See past "In the Shop"

A 30 Hour Longcase

Making a Tapered Center
Arbor with Solid Pinion

Boardman & Wells Wood
Works Shelf Clock

Ithaca Double Dial

Black Forest Cuckoo

Scottish Tallcase

Kienzle Clock Restoration

London Dial Restoration  
A Monthly Sample of Clock Repair Projects
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Morbier Clock.....
.....With quarter strike & Alarm?!!!
You don't see this variation come into the shop very
often so this month I'm focusing on this one - if for no
other reason than to document the operation of this
unique clock when another like it comes in.

Morbier is a village in eastern France - not a particular
maker. These provincial clocks are also called
named after its region:
Franche-Comte' and were all
handmade by various country craftsmen throughout the
1700's to the end of the 1800's.

It is believed that the heavy "birdcage" design>>>>>>>>
was inspired by (or certainly based on) tower clocks
from that region - unlike the dainty mantle clocks with
silk suspensions being made further down the road in
fancy-pants Paris.
While our subject has some "extra features" which will be
mentioned later the
typical Morbier clock has an hour
with a twist: at 2 minutes past the hour the clock
strikes the hour
again!!! No one knows for sure why this
unique feature was built in; there are those who think
that it was to time hourly prayers, others think it was
simply a "re-run" in case the household hadn't heard the
hour call the first time around while out mowing the
And so we'll begin with this: What is it that triggers this
2nd call?
The design of this clock is far different than any other
you'll run into - but, the basic
principles are the same:
there are lifting pins which lift a "lever" to lift a "2nd
lever" to release the warning pin, which - when the
levers eventually drop -  sets the strike train into action.
And that is where the similarities end......................

And this,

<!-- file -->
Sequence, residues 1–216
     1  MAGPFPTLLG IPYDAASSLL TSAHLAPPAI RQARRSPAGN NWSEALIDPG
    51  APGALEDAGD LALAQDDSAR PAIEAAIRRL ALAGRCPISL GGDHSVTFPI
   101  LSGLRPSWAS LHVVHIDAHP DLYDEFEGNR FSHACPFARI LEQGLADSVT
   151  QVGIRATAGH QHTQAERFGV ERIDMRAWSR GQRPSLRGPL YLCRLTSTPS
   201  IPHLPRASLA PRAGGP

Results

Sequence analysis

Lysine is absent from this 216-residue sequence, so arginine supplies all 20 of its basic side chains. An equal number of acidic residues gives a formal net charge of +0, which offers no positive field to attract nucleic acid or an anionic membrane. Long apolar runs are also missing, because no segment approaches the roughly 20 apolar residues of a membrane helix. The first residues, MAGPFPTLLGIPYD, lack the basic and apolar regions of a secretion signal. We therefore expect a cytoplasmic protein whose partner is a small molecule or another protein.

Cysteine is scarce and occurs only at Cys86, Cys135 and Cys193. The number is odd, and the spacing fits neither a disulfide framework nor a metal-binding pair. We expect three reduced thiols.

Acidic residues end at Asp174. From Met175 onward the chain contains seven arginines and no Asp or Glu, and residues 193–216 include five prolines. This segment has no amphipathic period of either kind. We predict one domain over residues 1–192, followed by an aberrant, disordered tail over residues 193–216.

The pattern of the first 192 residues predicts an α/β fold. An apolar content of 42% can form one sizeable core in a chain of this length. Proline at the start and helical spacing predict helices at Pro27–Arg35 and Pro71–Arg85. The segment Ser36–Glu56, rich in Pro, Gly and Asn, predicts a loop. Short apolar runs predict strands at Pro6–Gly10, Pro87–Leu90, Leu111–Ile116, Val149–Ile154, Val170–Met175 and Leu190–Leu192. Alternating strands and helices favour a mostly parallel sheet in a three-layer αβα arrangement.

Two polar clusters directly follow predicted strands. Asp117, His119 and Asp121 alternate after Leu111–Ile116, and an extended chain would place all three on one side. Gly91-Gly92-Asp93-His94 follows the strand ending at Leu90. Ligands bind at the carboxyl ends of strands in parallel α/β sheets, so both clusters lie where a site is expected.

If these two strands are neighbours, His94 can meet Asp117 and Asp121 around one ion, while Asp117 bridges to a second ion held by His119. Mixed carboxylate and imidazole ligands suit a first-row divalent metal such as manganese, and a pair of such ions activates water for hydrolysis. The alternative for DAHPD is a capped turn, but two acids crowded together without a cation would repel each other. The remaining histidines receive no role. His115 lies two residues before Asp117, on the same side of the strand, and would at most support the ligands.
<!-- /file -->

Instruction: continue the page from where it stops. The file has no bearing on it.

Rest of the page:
unfortunately, is not the place for a detailed
dissertation on the basic Morbier design (I'd never get
any repair work done if it was!!!!). Suffice it to say that
there is a "hoop" located on the rear side of the cannon
gear (on the center arbor) which has a spaced notch for
each strike (in the case of this clock, with quarter strike,
it has 4 notches - one for each 15 minutes strike). The
"2nd lever" has a "heel" and a "toe">>>>>>>>>>>>>>>>
cut to ride upon the outside of the hoop until either
drops into the notch - thus setting/releasing the strike
train into motion.
The hour is first struck when the "toe" drops into the
notch. As this occurs the "heel" is now riding on the
hoop rim....soooooooo close to the edge!!!!!>>>>>>>
It will only be a minute or two until the heel also drops
into the notch, thus setting the strike train back into
motion for the 2nd time.
In almost every clock you'll see with a quarter strike the
mechanical operations which set the train into motion
take place on the front plate and, with assistance (once
in a while), between the plates.
Here, the entire quarter strike operation is moved to the
back of the movement and is driven & conducted by a
small cam which is staked on the back square of the
center arbor>>>>>>>>>>>>>>>>>>>>>>>>>>>>>>>>>
sad looking little horn-beaked cam is the essential
piece responsible for the turning over of the clock from
"quarter strikes" to "hour strikes".
AND NOW!!!!!.....For the long awaited (well, at
least 15 minutes)
Quarter Strike function:
But....the power of such a little piece is amazing!!!!!!
The big shift from quarter chime to hour takes place
between the cam and the "pivot lever" here>>>>>>>>

Once again, I don't want to get into a full explanation of
this complex system. But you can see where the transfer
takes place....this is the critical point. There's a whole lot
of action going on here!!!

Below is the mechanism whilst nearing the hour...
As enthralling as that all may have been, we are not done!!!!

This clock also has an alarm system built into it>>>>>>>>>
It is designed as many mechanical alarms are: the vertical
crown wheel and 2 verge pallets work together as the
pressure is applied (in this case: the small 3rd weight): the
result is the stuttering mechanical vibration of the crown
wheel & pallets  - which inevitably rocks the double-sided
hammer back and forth above on the inside of the top bell -
frantically - until the weight runs itself out.
Unfortunately, there are additional parts that must be present
in order for the alarm to function properly, and this clock
does not have a "setting" device - which (I believe) is a
usually a decorative brass casting typically located behind
the minute & hour hands which allows for the alarm time to be
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